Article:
Got my ire up!

iVillage Member
Registered: 02-04-2008
Got my ire up!
77
Wed, 04-16-2008 - 3:52pm

Ther more I think about this, the more upset I am getting... must share.


I went to the building in which my sister (Shannon) works to tend to a client account.

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iVillage Member
Registered: 03-06-2008
Fri, 04-18-2008 - 3:12pm
iVillage Member
Registered: 04-10-2003
Fri, 04-18-2008 - 3:13pm

They asked <

You replied <>

As compared to a HEALTHY child? I think someone would have to be in denial to to find having a child with fetal anomalies preferable to it being a healthy one. But i did see some of that at our county MR/DD- perhaps it makes it easier to deal with in the long run.

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iVillage Member
Registered: 06-17-2007
Fri, 04-18-2008 - 3:14pm

"Since medical records are confidential, how would they find the names/addresses of women that aborted after prenatal testing?"

How does any researcher find anyone then, if they must only use the most tangential connections? Instead of just reading my first sentence, try reading the rest of it. In the rest of that paragraph, you'll find my comment that a partnership could be formed between the researchers and a hospital network such as mine (which cares for hundreds of thousands of women each year). The doctor, while caring for the patient, could ask if the patient would be interested in participating in a study designed to find ways to better improve the patient information process.

"I don't think that most people would support the idea of the doctors or clinics releasing that information."

I want to make sure that you understand me- I am not advocating the doctors or clinics giving this information without the patients' knowledge or consent. That said, you make the assumption that these women would not want their voices heard, but you don't know for sure. Beyond that, the majority of women contacted through the DS parent group didn't respond either. That doesn't mean that no one would. I, for one, enjoy being a part of studies or focus groups that want my opinion.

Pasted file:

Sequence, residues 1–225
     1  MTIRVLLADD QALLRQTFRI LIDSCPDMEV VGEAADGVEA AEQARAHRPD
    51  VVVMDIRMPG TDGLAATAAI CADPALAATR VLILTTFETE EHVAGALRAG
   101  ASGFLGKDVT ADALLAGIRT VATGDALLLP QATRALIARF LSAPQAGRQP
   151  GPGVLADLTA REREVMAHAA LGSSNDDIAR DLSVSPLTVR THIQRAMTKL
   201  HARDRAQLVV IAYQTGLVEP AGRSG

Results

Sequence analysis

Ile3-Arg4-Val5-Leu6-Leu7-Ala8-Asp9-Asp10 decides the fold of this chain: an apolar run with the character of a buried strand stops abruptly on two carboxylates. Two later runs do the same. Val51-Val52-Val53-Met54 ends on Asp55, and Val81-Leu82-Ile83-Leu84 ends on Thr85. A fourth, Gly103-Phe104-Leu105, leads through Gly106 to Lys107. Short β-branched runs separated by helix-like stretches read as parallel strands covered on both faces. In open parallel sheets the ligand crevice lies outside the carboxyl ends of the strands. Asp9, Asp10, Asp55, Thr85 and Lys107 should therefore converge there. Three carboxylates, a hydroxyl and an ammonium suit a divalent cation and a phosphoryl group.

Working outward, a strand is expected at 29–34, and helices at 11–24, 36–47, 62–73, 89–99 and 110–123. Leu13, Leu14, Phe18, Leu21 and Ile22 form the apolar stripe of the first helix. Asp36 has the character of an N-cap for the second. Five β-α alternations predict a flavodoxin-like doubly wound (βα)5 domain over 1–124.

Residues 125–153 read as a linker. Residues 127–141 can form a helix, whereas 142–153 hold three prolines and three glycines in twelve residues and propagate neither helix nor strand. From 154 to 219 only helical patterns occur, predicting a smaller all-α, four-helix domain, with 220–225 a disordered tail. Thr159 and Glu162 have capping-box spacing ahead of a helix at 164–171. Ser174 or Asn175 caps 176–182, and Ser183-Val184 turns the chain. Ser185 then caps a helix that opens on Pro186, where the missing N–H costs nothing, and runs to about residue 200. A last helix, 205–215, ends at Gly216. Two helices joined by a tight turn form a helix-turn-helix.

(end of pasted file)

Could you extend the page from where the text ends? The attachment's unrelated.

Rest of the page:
Heck, even if this didn't work, they could advertise on bulletin boards at clinics, doctor's offices, hospitals, colleges, or use television, radio, the internet- wherever people seeking study participants usually go. There are myriad opportunities for the researchers to find women who received a prenatal DS diagnosis and went on to abort. The first one I suggested is probably the most effective, but these other avenues must also work at least to some extent; otherwise, all the research firms wouldn't use them.




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iVillage Member
Registered: 04-10-2003
Fri, 04-18-2008 - 3:25pm

<>

Had my last had a fetal anomaly and i decided to abort, it would have been the same OB/GYN practice in the SAME hospital a I had the D&C after my miscarriage. Since they had access to my info for studies when I miscarried, I'm betting the same access would have been granted for this.

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iVillage Member
Registered: 01-29-2004
Fri, 04-18-2008 - 3:26pm



I agree but DS is not completely negative. These babies

iVillage Member
Registered: 06-17-2007
Fri, 04-18-2008 - 3:28pm

"I have never seen any in these places. Can you post some links to these from other studies?"

"Again, I've never seen any of these in the offices that I've been to."